Tag Archives: fantasy

Book Review: BOO by Neil Smith

Published 21st May 2015 by Windmill Books.

24702495Goodreads Synopsis: When Oliver ‘Boo’ Dalrymple wakes up in heaven, the eighth-grade science geek thinks he died of a heart defect at his school. But soon after arriving in this hereafter reserved for dead thirteen-year-olds, Boo discovers he’s a ‘gommer’, a kid who was murdered. What’s more, his killer may also be in heaven. With help from the volatile Johnny, a classmate killed at the same school, Boo sets out to track down the mysterious Gunboy who cut short both their lives.
In a heartrending story written to his beloved parents, the odd but endearing Boo relates his astonishing heavenly adventures as he tests the limits of friendship, learns about forgiveness and, finally, makes peace with the boy he once was and the boy he can now be.

My Review: As soon as I’d read the synopsis for Boo I knew it would be my kind of book – it reminded me of an old favourite anime series, Angel Beatswhich is about a high school that deceased teenagers find themselves at. The ‘heaven’ in this book is quite different, though shares similar themes, so I was really interested in reading Boo.

Boo is the nickname of the protagonist, Oliver – who wakes up in an afterlife consisting only of American 13 year-olds like himself. He thinks he’s died of a heart problem in school – but when he finds his sort-of friend there with him, Boo has to track down who killed them.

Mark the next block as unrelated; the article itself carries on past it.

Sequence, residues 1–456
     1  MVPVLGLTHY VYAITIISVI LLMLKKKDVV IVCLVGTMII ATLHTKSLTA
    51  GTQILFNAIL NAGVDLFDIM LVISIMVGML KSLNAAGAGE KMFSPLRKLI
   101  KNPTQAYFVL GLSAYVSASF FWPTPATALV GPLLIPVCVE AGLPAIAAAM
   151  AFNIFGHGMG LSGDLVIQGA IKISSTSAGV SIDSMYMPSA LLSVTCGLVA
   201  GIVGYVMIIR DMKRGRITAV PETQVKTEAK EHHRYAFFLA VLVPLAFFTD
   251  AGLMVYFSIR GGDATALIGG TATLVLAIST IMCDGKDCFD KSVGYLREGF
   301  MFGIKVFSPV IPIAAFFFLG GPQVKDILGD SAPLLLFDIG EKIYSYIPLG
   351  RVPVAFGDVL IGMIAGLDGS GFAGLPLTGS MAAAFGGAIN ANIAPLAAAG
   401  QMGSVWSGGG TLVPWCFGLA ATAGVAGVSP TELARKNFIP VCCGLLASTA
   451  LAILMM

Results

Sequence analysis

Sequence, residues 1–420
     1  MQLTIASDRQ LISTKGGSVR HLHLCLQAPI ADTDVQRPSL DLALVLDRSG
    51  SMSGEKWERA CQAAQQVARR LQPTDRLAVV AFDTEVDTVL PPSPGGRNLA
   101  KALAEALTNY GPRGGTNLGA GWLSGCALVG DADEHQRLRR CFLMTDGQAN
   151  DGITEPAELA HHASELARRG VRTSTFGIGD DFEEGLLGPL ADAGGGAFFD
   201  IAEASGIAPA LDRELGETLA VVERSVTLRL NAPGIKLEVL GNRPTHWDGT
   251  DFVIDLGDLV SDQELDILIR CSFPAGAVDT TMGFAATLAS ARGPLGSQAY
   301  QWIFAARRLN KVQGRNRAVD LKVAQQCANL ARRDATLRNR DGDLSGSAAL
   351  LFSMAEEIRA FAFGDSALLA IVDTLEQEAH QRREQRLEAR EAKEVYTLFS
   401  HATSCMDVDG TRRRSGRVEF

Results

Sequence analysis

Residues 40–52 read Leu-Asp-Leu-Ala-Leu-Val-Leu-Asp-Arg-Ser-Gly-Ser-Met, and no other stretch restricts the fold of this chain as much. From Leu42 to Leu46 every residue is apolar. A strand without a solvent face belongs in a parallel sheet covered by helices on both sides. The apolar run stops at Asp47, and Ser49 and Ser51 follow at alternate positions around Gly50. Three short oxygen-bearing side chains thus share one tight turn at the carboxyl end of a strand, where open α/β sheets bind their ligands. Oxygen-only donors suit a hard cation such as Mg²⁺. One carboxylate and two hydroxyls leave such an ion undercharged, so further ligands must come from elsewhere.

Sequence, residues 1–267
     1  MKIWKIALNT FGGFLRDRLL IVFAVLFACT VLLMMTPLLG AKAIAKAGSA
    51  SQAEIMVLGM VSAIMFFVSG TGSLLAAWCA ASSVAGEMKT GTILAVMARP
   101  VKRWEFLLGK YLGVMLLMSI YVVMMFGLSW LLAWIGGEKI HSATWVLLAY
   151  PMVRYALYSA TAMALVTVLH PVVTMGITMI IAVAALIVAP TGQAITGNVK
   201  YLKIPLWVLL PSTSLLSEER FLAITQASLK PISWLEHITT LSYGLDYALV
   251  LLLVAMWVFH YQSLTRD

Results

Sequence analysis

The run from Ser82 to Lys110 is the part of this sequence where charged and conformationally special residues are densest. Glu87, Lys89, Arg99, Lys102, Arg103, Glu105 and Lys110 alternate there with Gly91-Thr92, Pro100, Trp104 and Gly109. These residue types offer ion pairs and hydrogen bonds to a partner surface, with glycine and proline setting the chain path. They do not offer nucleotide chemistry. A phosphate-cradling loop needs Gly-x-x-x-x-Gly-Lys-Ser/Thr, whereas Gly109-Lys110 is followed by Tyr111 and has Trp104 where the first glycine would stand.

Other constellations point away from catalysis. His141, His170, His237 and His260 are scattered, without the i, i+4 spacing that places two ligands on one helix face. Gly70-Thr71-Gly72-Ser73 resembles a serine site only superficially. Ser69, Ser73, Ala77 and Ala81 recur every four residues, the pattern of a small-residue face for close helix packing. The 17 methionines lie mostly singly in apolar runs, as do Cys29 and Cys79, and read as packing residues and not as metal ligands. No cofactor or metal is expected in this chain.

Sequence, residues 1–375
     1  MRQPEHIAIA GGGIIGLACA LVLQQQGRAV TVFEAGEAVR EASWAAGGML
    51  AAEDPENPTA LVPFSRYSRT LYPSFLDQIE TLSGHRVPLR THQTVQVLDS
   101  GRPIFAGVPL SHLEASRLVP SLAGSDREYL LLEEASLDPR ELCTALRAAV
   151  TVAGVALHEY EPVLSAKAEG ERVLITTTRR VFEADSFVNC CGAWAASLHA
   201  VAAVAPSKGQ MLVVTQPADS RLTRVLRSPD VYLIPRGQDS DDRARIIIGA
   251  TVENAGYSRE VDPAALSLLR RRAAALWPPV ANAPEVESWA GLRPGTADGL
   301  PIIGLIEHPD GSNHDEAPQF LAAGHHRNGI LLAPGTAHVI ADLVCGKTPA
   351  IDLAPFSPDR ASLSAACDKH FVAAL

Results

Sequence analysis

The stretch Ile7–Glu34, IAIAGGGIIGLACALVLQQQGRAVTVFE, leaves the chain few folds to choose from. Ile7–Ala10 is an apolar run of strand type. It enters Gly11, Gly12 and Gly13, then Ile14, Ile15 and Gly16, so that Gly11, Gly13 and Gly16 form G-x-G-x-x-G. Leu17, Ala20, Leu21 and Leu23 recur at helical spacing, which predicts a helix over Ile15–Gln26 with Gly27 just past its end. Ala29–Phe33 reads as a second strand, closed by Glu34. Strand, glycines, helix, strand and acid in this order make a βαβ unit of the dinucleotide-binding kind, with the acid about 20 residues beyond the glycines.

The story is very dark and unnerving at points – but is also unexpectedly a heart-warming story about the bonds people make. I couldn’t predict a single thing about the plot – it turns in ways impossible to imagine. The ‘reveal’ was abrupt and shocking. There’s no way I could’ve guessed it, but as soon as I finished the book I was wondering how I’d missed it! It definitely sent a chills through me, though.

Neil Smith’s imaginative ability is admirable. His version of heaven in Boo felt completely individual and was the perfect backdrop for the mystery plot. As fantastical as it was, it seemed so real: Each uniquely crafted character of the strangely bound community seemed to jump from the page, brimming with personality.

The main protagonists were incredibly memorable. Oliver is a slightly awkward thirteen year-old, who is more engrossed in his science fascination than anything else. I saw a little of my thirteen year-old (and current…) self in him and his voice grabbed me from page one. I’m sure I say that the voice stood out about a lot of books I read, but Boo was just different. The narrative was flawless to me and I felt Boo’s vulnerability and curiosity shine through.